Monday, 21 January 2013

Living with psoriasis

Hello! First of all, HAPPY NEW YEAR. This is my first blog post of 2013, I can honestly say i've missed you all the last few months. Im not even going to make excuses this time. Yes, I have been busy, but truth be told, i've just been plain arse lazy! And i've fallen way out of love with my laptop (anyone else got a cranky dell insipiron?).  To ease myself back in I thought I'd write a post that didn't require me to take any photos or make a great effort. I wanted to write a personal post. Something that told you guys a bit more about me, and a post I could really connect with and enjoy writing.
Since I was about 7, I have suffered with a skin condition called 'psoriasis'. Half of you will have heard of it, half of you wont. It's extremely similar to exzema. Around 1% of the population have it in some form or other, and thats a lot of people. Through my childhood and teenage years psoriasis took over my life. It was the bain of everything I did. It is only now, as a stable 21 year old who's hormones are no longer racing about, that I have really accepted what it is and what I have.
Now you may be reading this thinking 'you have a skin condition how can that affect you?', well the effects are more than skin deep. I have small speckles of psoriasis that look a lot like chicken pox, that often cover me from head to toe. When I was at school, getting changed for PE was the most horrific experience and something I spent everyday dreading. Swimming? Well that was even worse. I had the lobourious task of finding high fronted and backed swimsuits that wouldnt show up my patches. I was often asked by kids what the spots were. I was sometimes called scaley and scabby by my friends. People sometimes pressumed I had chicken pox and so kept there difference from me. Don't get me wrong, this never amounted to serious bullying. But it was small remarks that really got to me. As a child with a strong insecurity, small comments could make you feel as low as possible.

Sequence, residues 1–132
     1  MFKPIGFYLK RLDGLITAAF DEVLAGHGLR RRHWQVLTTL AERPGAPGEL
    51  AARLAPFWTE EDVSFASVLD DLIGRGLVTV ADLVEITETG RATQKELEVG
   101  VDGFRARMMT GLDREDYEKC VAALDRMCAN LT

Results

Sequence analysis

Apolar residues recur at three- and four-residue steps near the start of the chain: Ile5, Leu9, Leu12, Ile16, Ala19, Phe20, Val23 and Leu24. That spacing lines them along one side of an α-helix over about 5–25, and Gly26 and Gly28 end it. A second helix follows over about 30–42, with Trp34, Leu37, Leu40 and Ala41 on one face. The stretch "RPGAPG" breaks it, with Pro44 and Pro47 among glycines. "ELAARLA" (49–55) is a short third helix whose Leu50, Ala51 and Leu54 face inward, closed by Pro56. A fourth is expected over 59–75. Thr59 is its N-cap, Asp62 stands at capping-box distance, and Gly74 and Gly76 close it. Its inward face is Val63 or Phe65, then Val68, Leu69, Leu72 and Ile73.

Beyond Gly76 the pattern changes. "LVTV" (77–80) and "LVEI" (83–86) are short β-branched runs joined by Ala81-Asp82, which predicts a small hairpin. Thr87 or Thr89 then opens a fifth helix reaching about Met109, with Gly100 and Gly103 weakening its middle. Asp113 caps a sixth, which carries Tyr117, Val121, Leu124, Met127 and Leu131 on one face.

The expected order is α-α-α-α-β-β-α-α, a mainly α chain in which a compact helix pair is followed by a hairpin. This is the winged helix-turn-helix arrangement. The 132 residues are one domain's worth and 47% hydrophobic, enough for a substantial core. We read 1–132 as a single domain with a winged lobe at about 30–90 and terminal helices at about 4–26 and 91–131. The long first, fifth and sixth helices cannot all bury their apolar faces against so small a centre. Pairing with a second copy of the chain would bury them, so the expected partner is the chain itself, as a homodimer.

I became a master at hiding my skin and body. I learnt how to get changed without fully removing my top, I bought reserved clothing, I kept my blazer on even in the summer.  I never told anyone apart from my best friends what I had. I never talked about it or explained it to anyone.
This leads me up to why i'm writing this post. I put myself through hell as a child because I was never honest or comfortable with my biggest insecurity, my biggest flaw. And I write this in hope that someone who has just developed psoriasis, or has had it for a while or knows someone with the condition will have typed it into google and this post will pop-up.
In recent years I have become confident enough with my psoriasis to explain to other people what it is and why it looks the way it does. Fair enough, it's nowhere near as bad as it used to be. But I wish I had developed this confidence earlier before I let it rule and ruin my life.